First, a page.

Over the past couple of years, music and voice acting have been steady and unremarkable. There is no exception here with all voice and lip-synching performed very well and the soundtrack ‘a fairly techno offering ‘ generally kicks in over the ambient soundscapes when the action does. It’s very blatant and aims to drive you deep into the action in the same way a movie’s music would. Harder to get right are incidental sounds. From weapons to consoles, objects, alarms and remarks Half-Life 2 does a good job. The original did too, and many of the more esoteric sounds, like the sound of your suit charging up have been kept, slightly upgraded for this release. Audio from the enemy troops is genuinely exceptional. They’re in constant radio chatter with each other and when you eliminate a unit, a siren sounds followed by a radio message from a controller ordering remaining troops to the location. It’s the little touches that certainly don’t go unnoticed.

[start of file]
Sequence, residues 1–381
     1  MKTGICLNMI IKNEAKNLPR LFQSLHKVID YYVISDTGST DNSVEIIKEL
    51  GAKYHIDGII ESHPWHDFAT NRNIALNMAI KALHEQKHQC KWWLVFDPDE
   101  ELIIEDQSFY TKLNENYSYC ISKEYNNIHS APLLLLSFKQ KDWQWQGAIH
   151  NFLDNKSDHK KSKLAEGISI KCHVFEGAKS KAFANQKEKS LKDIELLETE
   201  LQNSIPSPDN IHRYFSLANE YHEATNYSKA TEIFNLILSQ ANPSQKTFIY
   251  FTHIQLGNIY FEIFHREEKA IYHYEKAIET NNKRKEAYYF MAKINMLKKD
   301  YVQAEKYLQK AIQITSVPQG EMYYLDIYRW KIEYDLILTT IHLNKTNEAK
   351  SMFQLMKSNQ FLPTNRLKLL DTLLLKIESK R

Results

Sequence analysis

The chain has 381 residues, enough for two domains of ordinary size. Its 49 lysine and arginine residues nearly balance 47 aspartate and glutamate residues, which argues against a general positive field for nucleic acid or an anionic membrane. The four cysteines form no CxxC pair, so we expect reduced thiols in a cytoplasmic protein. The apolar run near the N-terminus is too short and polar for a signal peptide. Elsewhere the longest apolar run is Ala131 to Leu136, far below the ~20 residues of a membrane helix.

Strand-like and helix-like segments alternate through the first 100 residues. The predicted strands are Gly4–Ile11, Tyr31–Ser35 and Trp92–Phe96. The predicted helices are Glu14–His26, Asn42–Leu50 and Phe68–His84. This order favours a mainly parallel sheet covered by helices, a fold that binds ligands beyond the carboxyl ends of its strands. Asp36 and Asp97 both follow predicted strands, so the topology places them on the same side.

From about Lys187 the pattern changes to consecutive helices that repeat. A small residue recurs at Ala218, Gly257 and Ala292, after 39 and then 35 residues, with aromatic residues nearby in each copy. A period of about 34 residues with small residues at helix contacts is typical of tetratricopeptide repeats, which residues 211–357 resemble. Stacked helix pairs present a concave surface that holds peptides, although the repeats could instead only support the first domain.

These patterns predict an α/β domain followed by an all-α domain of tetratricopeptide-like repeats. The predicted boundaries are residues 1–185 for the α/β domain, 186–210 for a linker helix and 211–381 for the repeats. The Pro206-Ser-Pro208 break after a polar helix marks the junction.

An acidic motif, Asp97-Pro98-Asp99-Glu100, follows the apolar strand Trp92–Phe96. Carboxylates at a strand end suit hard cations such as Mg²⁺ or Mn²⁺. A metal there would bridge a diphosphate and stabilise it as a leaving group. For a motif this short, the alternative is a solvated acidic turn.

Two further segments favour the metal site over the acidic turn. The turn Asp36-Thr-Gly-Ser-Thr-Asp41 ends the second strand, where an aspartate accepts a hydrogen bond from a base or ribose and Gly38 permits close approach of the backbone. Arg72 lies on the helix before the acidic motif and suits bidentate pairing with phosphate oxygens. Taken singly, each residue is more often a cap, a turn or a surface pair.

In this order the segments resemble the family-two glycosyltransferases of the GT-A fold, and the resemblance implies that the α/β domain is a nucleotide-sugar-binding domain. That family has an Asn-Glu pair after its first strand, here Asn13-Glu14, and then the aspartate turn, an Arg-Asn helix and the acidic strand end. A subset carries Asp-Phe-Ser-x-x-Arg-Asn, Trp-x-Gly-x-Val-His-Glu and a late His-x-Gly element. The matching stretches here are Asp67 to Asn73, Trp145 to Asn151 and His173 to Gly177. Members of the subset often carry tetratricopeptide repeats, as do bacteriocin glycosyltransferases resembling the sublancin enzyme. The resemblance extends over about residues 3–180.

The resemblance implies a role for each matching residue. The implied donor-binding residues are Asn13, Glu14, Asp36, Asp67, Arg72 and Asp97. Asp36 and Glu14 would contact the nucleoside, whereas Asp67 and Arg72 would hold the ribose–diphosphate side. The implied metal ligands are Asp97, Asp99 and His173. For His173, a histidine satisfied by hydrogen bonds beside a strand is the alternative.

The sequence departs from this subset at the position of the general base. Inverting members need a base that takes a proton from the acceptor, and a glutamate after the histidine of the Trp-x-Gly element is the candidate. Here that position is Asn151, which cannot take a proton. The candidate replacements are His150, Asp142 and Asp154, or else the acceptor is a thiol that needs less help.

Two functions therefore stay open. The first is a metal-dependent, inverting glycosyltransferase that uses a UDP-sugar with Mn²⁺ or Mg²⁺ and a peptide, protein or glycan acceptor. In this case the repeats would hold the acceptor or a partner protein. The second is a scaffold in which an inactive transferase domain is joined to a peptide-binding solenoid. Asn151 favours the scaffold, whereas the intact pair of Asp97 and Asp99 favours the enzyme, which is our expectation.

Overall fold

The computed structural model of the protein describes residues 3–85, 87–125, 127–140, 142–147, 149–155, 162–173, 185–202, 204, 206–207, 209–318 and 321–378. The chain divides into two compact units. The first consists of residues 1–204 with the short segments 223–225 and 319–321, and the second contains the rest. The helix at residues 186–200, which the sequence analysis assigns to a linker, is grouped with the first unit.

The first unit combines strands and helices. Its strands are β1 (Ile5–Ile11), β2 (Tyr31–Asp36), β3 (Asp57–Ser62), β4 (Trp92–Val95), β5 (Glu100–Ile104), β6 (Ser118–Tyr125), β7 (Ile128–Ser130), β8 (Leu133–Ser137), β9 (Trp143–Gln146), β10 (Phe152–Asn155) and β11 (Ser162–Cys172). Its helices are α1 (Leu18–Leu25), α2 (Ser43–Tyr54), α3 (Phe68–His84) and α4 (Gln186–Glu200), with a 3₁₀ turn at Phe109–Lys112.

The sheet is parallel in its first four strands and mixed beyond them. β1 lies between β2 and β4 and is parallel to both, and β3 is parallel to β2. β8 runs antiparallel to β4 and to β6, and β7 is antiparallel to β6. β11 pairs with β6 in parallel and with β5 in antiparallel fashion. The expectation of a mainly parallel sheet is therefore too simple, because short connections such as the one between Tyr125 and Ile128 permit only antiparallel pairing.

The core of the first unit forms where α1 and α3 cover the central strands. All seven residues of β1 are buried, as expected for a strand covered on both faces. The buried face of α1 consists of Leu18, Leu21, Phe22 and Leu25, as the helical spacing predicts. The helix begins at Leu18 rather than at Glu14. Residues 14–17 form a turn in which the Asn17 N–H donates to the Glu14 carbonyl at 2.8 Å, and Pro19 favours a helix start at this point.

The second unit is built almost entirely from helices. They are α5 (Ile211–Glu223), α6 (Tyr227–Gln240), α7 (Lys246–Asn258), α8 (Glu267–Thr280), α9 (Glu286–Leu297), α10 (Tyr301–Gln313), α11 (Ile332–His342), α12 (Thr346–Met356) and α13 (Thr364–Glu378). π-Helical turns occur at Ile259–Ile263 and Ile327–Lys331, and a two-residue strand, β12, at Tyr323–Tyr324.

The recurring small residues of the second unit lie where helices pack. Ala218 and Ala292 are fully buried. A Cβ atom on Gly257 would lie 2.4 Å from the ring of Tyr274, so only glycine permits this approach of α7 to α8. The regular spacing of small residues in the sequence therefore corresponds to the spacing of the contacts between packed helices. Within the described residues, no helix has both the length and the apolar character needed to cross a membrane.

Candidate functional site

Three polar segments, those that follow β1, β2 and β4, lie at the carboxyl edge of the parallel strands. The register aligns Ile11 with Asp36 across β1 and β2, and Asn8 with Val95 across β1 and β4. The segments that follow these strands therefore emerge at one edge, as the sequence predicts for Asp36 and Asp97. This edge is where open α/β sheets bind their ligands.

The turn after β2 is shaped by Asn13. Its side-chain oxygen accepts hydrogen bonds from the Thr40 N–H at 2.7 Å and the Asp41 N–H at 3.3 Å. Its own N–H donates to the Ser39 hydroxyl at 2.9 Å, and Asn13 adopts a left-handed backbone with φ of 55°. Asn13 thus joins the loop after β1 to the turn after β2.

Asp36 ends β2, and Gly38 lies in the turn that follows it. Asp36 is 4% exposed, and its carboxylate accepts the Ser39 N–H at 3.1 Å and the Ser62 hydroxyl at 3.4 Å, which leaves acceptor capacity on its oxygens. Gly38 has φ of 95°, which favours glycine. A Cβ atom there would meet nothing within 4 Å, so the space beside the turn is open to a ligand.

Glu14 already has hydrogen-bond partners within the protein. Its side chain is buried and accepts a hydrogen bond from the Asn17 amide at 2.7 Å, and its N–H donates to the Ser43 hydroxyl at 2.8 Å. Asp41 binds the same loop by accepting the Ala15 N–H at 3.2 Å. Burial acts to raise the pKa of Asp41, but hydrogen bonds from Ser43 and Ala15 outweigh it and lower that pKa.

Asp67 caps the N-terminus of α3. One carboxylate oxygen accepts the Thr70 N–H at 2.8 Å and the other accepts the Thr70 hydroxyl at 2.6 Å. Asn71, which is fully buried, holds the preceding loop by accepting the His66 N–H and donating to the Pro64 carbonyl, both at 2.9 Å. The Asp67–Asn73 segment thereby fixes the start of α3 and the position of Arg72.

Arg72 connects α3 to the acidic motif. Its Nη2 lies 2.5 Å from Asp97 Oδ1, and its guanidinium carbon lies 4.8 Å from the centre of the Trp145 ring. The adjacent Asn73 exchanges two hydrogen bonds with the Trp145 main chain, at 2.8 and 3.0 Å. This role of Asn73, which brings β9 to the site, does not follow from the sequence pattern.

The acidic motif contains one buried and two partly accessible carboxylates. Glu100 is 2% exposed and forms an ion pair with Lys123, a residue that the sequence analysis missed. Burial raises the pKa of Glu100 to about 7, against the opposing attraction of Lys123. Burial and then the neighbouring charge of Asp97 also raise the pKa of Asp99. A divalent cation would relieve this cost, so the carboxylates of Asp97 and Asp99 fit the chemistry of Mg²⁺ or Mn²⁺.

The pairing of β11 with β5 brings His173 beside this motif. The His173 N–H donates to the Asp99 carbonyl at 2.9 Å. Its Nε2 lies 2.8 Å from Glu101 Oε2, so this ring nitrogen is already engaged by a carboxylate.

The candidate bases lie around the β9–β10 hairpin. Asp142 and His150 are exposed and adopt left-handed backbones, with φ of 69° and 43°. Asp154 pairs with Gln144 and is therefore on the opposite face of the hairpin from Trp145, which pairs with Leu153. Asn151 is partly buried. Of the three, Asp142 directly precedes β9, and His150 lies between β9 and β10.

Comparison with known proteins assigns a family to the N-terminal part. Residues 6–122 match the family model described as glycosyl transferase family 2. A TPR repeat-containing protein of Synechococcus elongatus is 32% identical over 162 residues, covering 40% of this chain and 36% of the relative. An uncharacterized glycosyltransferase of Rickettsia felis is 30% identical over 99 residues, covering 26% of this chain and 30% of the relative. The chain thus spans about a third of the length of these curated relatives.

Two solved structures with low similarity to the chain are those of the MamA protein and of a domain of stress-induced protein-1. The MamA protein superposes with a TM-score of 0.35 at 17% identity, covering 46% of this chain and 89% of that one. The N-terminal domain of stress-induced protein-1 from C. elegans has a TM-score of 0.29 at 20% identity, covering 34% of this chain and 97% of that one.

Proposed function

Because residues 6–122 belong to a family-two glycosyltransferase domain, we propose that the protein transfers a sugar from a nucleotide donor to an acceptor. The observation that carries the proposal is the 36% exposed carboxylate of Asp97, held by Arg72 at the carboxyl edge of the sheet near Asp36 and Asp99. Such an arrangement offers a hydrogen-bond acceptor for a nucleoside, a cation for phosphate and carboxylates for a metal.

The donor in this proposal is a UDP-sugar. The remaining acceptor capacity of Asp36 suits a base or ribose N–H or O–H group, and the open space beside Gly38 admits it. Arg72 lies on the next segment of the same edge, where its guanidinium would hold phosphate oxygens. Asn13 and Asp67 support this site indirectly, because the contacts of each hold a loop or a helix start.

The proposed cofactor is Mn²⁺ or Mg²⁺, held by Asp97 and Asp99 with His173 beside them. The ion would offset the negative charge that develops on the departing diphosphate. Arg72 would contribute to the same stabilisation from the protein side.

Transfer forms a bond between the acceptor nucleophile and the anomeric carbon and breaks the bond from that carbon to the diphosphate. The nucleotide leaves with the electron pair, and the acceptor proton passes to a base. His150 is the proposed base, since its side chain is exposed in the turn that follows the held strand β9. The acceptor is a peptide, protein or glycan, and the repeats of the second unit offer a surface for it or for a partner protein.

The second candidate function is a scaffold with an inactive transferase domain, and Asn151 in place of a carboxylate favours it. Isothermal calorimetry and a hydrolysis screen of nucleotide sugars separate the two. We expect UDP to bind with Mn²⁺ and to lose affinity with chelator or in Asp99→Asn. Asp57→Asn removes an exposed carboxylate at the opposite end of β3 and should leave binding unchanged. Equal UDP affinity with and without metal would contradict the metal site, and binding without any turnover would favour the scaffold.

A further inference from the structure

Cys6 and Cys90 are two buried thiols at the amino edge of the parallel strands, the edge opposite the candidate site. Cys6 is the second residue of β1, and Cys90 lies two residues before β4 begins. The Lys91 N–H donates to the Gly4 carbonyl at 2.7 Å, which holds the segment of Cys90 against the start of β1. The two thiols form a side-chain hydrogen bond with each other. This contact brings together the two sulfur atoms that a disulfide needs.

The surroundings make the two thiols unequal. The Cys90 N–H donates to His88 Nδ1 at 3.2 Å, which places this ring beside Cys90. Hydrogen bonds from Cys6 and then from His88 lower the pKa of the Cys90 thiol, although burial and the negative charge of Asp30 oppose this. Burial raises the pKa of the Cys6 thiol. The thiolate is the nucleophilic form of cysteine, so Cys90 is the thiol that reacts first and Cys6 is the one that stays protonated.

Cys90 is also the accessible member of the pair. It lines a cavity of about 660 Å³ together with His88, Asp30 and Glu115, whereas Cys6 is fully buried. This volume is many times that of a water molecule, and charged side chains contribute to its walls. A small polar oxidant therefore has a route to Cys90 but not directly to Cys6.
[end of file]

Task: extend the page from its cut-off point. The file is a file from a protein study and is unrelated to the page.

Half-Life 2 is a shooter. It does, however change in terms of gameplay from start to finish. There are points in the game where you’re travelling around without enemy contact, some points where you’re in very comfortable positions picking off small groups of enemies and there are parts of the game which take place with full-scale urban battles and its here that you’ll be frustrating trying to push forward. It all adds to the pacing of the game, which varies greatly.
In the middle, the game is relatively slow and comfortable. You’ll spend time using vehicles, and travelling at speed. You’re more often than not solving puzzles or waging small skirmishes. These parts were, in my view, the best. They had all the inventive angles I’ve covered above and they gave you a chance to enjoy the scenery. These mostly outdoors parts of the game are also keyed in to time. You’ll start in the morning and move onwards towards dusk, and then to night. It has beautiful vistas and outdoors environments like Far Cry, and a good deal of high-tech environments that Far Cry and Doom 3 share.